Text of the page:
3rd in the series of ‘Things to do & see in Delhi before you die.
Deserted and lonely un-guarded entrance
How to reach there :
Proceed to Delhi Cantonment by taking the Ring Road in the direction of Naraina from Dhaula Kuan multi-level crossing and continue for 3 km to reach Brar Square traffic junction. There are roadside boards on both sides of this junction. Take a right turn over the railway crossing and after approximately 1km, you will find the cemetery on the right hand side of the road. Do not expect any one , not even a guard at this cemetery. Its totally deserted and a lonely place. Only crisp sound of birds will welcome you. And don’t surprised in case you find Love Birds too in the cemetery. The gates are permanently locked. So you have to jump over to get inside. Don’t’ forget to remove your shoes before you step in on well maintained grassy lawn as a respect to brave soldiers. And remember, this place is not a picnic spot.
Delhi War Cemetery was created in 1951 when graves from many cemeteries in northern India were moved into the site to ensure their permanent maintenance. Among them are graves from cantonment cemeteries in Allahabad, Kanpur, Dehra Dun and Lucknow. There are now 1,022 Commonwealth casualties of the Second World War buried, or commemorated by special memorial, in this cemetery together with a number of war graves of other nationalities, mostly Dutch.
In 1966, 99 First World War burials were also moved into the cemetery from Nicholson Cemetery, Kashmir Gate, Delhi. This War Cemetery also contains the DELHI 1914-18 MEMORIAL, commemorating 153 casualties buried in Meerut Cantonment Cemetery where their graves could no longer be maintained.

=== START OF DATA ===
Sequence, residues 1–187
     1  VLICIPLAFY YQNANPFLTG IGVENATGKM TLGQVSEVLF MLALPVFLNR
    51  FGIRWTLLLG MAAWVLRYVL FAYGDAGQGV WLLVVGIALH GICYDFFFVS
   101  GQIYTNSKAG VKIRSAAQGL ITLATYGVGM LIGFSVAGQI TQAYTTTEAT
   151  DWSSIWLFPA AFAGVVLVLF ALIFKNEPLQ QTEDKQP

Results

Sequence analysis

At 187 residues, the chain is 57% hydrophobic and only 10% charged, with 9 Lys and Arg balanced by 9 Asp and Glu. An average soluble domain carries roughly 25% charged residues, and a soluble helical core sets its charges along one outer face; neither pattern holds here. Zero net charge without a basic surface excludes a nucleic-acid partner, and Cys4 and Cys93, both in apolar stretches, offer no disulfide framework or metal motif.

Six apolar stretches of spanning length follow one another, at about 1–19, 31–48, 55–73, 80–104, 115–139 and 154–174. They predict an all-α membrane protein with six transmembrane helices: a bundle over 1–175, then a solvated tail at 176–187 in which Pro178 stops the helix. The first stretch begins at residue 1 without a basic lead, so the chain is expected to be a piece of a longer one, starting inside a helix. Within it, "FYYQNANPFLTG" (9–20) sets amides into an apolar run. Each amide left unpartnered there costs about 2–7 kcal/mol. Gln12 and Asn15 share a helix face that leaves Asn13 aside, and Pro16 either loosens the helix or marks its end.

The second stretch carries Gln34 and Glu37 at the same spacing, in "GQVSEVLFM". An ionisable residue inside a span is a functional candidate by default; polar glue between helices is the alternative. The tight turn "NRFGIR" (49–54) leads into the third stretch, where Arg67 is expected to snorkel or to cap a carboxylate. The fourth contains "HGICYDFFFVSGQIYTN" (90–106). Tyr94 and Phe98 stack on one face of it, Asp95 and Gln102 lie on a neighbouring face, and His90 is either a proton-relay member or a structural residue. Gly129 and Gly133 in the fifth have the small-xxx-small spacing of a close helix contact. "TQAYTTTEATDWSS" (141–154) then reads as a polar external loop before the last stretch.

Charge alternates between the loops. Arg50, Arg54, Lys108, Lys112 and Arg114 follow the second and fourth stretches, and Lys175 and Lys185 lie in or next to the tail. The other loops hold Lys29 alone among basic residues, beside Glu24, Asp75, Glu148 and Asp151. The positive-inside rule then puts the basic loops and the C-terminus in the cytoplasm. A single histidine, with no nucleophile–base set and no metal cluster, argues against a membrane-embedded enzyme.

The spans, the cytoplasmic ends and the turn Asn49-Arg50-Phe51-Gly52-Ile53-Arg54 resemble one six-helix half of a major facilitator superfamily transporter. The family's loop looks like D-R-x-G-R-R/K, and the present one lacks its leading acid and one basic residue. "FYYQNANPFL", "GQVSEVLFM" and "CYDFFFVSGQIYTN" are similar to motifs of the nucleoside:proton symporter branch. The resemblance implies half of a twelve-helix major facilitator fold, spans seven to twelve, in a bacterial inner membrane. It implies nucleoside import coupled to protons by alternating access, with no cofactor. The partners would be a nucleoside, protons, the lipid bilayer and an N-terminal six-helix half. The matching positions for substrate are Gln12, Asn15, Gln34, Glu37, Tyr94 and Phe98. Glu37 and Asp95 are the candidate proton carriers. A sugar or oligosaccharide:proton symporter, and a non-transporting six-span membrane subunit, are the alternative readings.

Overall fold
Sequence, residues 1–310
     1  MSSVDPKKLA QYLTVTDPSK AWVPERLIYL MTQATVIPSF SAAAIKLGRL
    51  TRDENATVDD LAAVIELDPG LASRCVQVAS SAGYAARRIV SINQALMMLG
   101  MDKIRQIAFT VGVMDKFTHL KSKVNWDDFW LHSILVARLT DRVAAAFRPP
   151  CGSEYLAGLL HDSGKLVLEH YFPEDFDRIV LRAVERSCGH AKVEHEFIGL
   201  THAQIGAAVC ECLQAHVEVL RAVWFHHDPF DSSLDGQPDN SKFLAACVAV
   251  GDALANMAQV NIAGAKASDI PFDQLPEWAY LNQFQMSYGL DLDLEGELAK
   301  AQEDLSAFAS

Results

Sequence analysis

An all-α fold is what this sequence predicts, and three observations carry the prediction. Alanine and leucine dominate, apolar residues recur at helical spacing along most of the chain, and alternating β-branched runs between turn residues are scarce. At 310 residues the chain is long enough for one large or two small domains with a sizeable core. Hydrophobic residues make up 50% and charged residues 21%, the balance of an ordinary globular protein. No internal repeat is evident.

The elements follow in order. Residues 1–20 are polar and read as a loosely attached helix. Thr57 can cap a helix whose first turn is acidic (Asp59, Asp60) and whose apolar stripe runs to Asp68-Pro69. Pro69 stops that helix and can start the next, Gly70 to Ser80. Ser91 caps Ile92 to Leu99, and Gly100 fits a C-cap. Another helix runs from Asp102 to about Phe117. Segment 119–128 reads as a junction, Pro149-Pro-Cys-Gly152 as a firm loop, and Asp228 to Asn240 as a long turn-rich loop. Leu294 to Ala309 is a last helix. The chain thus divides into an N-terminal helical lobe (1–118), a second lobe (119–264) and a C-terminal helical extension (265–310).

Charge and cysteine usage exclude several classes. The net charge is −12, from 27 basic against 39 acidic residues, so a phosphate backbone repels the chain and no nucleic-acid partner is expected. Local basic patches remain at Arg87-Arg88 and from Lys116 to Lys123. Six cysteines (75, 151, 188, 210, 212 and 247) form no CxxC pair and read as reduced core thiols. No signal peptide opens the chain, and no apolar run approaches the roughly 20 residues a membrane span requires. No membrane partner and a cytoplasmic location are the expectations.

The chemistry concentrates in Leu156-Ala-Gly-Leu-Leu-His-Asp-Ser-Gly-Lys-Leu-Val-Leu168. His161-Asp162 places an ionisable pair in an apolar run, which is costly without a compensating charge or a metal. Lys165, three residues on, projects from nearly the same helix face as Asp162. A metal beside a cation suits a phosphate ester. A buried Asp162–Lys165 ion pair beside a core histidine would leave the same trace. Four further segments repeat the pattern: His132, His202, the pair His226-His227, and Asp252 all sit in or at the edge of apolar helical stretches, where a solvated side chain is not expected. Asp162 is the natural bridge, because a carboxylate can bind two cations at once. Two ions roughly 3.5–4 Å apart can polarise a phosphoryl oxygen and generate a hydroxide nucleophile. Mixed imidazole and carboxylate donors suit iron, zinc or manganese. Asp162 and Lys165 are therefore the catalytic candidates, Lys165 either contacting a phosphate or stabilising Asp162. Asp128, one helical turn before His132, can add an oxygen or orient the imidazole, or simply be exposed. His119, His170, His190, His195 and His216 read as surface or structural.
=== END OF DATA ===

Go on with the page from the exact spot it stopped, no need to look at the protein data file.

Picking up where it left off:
More than 25,000 servicemen of the forces of undivided India died during the Second World War in non-operational zones.
Jashn-e-Khusrao celebrates the sufiana kalaam ( mystical poetry of Islam ) of Amir Khusrau(1253 -1325) rendered in the shrine of his beloved pir, Hazarat Nizamuddin Auliya , the Kalaam has been kept alive for over 700 years by the Shrine qawawals. The tradition of qawwali as told by the qawwals, begin with Amir Khusrau who trained some chosen talented boys in the art.
The festival begins at the Basti’s Mughal-era Chaunsath Khambha. Lying next to Mirza Ghalib’s tomb, the white-marble monument will host qawwali concerts by artists from India and Pakistan.
Dates and time: 5th, 6th, 7th; all at 6.30 pm.
On 10th, 6.30 pm, the action moves to India International Center (IIC), with a poetry recital and a photo exhibition. From 12th to 14th, Qawwali sessions will be hosted in the IIC lawns
Surrounded by business towers and posh residential buildings , Agrasen ki Baoli, a 14th century ancient step-well is a surprise for many. This baoli is a designated protected monument by the Archaeological Survey of India (ASI), is a 60 meter long and 15 meter wide with 104 stone steps descending into the well’s dried bottom . Its just close to Hailey Road near Connaught Place. Hardly 10 minutes walk from KG Marg.
Although there are no known historical records to prove who built Agrasen ki Baoli, it is believed that it was originally built by the legendary king Agrasen during the Mahabharat epic era and rebuilt in the 14th century by Agrawal community. Baoli or bawdi is a Hindi word for step well. Flanked on both sides by niches, chambers and passageways, have three levels.
As you enter, gurgling sound of hundreds of pigeons welcome you. Walk down the stairs and listen the silence. As you reach the bottom the skyline disappears and daylight fades.Centuries ago, this was a reservoir as well as a summer refuge for heat-stricken citizens, living in pre-Lodhi times.
There is no ticket for entrance but you hardly sees any visitors, except some love couples or people like me who spend most of the time on road and always interested to explore something new.
Where: Hailey Road, near KG Marg, Connaught Place Time 9am-5pm